United States Revised Travel Ban Challenged in Federal Court

By Sarah Lafen
Impunity Watch Desk Reporter, North America

 

WASHINGTON D.C., United States — On Wednesday, U.S. District Judge Theodore Chuang heard two hours of arguments challenging and supporting President Trump’s revised executive order banning travel from six Muslim-majority countries.  The revised order will suspend the U.S. refugee program for 120 days, prohibit the issuance of visas to those from Yemen, Sudan, Syria, Libya, Somalia and Iran for 90 days, and decrease the number of refugees allowed to enter the U.S. in 2017 from 110,00 to 50,000.

Attorneys for the ACLU, National Immigration Law Center and members of the International Refugee Assistance Project speak outside of the U.S. District Court in Maryland court on Wednesday (Photo Courtesy of The Guardian)

Refugee rights organizations brought suit in federal court in Maryland claiming that the revised travel ban illegally targets a religious group.  Among others, the American Civil Liberties Union (ACLU) asked Chuang to halt the order entirely, and argued that it represents a “pretext to discriminate against Muslims.”  Justin Cox, lawyer for the National Immigration Law Center, told Chuang that those affected feel the order targets Islam and condemns their religion.

The U.S. government responded to the claims made by refugee groups by saying that all references to religion have been eliminated from the revised order.  The government encouraged Chuang to focus on the exact wording of the order, and urged that the words indicate the ban is aimed at preventing terrorism.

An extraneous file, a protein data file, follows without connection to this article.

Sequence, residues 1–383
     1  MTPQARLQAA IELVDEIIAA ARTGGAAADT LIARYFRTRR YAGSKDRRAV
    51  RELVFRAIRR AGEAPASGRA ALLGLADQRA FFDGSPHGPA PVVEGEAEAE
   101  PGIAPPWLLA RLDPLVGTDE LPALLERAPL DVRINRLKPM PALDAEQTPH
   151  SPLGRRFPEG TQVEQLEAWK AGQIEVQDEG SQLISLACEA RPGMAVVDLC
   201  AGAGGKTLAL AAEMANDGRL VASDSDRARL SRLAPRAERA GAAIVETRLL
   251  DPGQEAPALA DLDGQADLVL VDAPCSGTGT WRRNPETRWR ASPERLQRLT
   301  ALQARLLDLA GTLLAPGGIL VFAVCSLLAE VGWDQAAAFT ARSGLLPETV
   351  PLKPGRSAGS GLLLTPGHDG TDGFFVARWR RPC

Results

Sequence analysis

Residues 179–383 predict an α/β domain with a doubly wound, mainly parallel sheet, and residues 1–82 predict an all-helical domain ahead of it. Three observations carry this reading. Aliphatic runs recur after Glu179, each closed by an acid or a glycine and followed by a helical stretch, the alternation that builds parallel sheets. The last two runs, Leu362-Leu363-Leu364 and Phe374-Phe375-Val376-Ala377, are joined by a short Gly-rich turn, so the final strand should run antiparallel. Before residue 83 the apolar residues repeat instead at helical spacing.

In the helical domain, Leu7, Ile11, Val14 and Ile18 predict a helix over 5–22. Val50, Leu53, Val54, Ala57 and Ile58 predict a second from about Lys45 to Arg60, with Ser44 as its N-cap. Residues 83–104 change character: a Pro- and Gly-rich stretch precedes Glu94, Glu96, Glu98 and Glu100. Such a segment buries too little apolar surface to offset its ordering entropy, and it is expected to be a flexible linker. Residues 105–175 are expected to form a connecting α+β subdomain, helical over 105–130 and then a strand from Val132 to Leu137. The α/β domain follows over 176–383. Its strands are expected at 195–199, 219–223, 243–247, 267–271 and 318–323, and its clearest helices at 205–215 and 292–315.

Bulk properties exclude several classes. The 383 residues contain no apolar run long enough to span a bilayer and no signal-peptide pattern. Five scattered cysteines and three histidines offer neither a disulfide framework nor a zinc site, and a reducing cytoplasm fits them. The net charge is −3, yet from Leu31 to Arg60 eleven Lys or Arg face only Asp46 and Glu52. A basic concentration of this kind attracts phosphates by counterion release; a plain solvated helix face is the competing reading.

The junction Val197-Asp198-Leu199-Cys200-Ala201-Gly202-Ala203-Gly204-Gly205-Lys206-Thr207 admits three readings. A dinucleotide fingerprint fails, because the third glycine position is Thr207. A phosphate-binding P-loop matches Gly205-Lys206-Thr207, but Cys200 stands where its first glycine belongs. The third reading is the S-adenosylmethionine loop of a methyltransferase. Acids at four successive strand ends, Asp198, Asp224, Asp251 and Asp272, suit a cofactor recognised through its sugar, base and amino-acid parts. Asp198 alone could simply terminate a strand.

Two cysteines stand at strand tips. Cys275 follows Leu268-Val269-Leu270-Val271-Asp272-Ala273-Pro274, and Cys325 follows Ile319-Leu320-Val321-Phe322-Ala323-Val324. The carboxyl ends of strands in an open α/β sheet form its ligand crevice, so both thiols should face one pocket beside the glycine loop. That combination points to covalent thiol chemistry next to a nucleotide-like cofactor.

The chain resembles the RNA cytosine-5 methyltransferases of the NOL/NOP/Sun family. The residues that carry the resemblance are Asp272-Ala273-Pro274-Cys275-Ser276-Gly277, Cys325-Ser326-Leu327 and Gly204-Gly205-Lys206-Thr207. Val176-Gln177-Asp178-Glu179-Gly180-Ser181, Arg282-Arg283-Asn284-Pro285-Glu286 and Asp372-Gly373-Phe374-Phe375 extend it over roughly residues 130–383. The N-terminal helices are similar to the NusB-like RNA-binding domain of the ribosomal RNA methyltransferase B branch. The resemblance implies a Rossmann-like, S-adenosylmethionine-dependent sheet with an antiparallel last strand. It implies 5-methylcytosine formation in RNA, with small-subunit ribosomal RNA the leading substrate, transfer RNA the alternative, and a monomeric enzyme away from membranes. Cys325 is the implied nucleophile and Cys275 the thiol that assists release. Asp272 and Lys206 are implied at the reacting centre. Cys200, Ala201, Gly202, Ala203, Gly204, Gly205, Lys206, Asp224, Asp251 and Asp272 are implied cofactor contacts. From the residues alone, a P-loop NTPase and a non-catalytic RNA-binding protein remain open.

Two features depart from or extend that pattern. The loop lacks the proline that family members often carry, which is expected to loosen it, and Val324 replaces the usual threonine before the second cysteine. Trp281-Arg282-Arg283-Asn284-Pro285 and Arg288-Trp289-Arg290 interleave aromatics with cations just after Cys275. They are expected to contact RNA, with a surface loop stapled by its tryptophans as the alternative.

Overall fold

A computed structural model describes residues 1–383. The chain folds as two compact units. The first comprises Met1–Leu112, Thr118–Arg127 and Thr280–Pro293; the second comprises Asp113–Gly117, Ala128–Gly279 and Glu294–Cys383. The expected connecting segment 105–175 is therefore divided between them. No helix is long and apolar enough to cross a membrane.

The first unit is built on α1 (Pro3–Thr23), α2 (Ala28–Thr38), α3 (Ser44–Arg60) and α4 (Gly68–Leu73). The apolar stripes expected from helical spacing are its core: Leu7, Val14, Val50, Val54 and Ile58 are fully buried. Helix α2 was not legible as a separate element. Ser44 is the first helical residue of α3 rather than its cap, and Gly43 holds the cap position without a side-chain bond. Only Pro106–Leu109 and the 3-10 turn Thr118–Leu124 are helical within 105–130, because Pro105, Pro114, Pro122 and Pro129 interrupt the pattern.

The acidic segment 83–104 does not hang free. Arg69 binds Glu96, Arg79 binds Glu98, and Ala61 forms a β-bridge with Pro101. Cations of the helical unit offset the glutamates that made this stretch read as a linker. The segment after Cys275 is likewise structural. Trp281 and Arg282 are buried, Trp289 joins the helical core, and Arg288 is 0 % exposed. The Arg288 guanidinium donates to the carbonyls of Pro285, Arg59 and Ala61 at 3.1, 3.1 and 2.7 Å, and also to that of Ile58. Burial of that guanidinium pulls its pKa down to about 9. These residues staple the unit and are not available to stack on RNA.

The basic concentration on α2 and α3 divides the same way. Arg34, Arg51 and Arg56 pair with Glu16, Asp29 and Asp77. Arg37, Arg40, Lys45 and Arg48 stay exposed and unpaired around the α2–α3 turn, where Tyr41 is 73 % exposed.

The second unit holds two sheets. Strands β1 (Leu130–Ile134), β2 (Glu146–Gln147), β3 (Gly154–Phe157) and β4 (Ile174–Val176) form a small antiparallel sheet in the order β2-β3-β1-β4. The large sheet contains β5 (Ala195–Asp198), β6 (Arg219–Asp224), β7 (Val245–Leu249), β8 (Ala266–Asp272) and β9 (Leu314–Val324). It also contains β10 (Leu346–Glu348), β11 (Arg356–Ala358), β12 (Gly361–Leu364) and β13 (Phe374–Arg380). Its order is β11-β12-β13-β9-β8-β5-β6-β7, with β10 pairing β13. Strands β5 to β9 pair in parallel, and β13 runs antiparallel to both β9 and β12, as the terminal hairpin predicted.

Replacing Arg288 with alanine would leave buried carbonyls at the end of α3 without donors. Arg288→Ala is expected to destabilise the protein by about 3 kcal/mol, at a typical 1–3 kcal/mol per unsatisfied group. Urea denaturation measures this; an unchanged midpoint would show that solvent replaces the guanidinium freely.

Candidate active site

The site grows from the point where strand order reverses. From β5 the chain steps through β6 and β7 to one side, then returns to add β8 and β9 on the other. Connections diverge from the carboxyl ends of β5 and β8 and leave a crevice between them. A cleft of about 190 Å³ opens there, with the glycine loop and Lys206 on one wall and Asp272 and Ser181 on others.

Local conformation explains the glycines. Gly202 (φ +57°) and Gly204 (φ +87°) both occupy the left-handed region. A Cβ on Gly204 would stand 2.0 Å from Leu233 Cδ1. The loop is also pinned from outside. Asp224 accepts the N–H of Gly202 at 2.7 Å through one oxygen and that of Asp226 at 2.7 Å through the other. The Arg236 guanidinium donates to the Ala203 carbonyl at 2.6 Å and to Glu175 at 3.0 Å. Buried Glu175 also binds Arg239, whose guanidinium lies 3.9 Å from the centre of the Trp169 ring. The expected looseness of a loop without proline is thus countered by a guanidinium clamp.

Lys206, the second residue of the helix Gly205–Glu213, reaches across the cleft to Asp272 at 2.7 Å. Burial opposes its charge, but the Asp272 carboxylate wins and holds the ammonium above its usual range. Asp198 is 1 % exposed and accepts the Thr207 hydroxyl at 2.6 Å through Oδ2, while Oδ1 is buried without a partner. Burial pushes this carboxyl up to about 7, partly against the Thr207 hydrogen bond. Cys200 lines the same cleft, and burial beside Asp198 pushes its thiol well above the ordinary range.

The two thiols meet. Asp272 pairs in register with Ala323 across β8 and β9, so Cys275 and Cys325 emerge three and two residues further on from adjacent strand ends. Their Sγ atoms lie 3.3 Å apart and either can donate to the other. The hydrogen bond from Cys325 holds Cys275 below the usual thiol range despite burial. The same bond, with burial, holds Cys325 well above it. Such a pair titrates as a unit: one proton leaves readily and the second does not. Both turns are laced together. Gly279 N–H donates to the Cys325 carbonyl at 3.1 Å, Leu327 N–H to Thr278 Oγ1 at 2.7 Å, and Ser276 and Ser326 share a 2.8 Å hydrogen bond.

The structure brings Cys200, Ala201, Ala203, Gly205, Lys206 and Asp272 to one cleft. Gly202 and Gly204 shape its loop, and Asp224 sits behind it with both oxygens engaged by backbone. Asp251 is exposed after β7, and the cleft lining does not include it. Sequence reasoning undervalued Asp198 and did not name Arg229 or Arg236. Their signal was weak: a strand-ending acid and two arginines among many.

The government also argues that people from the countries targeted by the travel ban “warrant additional scrutiny in connection with [the] immigration policies because the conditions in these countries present heightened threats.”  However, analysts at the Department of Homeland Security have indicated that citizenship is an “unlikely indicator” of ties to terrorism.

The hearing concluded without a ruling.  Chuang told court attendees that he “appreciated[d] everyone’s advocacy” and will issue a ruling as soon as possible.  According to ACLU attorney Lee Gelernt, Chuang pressed both the advocacy groups and the government about their respective claims.  Chuang asked the government why he should not consider all of President Trump’s comments regarding Muslim immigration, and asked the refugee rights groups whether President Trump is forbidden from limiting immigration from anywhere in the world just because of comments he made during his campaign.  Gelernt also said that Chuang asked whether a nationwide ban or a limited halt would be the appropriate remedy.

Hawaii’s challenge to the revised executive order will soon be heard in federal court, and Washington is also requesting a hearing in federal court to challenge the ban.

 

For more information, please see:

The Guardian — Hawaii Judge to Issue Ruling on Revised Trump Travel Ban Before it Takes Effect — 15 March 2017

Independent — Donald Trump’s Revised ‘Muslim Travel Ban’ Under Scrutiny by US Federal Courts Day Before Introduction — 15 March 2017

USA Today — Clock Ticks as Trump’s Revised Travel Ban Faces Multiple Court Challenges — 15 March 2017

The Washington Post — Federal Judge in Hawaii Freezes President Trump’s New Executive Order — 15 March 2017

Egyptian Human Rights Activist Banned from Travel

by Yesim Usluca
Impunity Watch Reporter, Middle East